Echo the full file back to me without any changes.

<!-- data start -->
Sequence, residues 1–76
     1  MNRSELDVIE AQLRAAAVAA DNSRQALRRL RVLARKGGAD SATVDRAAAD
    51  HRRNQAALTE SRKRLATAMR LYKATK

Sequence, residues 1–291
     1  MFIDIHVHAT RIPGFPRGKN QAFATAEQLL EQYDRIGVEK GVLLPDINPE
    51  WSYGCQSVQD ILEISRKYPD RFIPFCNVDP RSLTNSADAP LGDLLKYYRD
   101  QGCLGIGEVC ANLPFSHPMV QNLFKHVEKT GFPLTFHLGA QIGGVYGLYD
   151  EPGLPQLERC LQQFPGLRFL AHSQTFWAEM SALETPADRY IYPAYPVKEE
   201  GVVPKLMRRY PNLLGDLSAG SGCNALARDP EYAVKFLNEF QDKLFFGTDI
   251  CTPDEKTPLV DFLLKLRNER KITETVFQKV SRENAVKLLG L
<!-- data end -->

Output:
Sequence, residues 1–76
     1  MNRSELDVIE AQLRAAAVAA DNSRQALRRL RVLARKGGAD SATVDRAAAD
    51  HRRNQAALTE SRKRLATAMR LYKATK

Sequence, residues 1–291
     1  MFIDIHVHAT RIPGFPRGKN QAFATAEQLL EQYDRIGVEK GVLLPDINPE
    51  WSYGCQSVQD ILEISRKYPD RFIPFCNVDP RSLTNSADAP LGDLLKYYRD
   101  QGCLGIGEVC ANLPFSHPMV QNLFKHVEKT GFPLTFHLGA QIGGVYGLYD
   151  EPGLPQLERC LQQFPGLRFL AHSQTFWAEM SALETPADRY IYPAYPVKEE
   201  GVVPKLMRRY PNLLGDLSAG SGCNALARDP EYAVKFLNEF QDKLFFGTDI
   251  CTPDEKTPLV DFLLKLRNER KITETVFQKV SRENAVKLLG L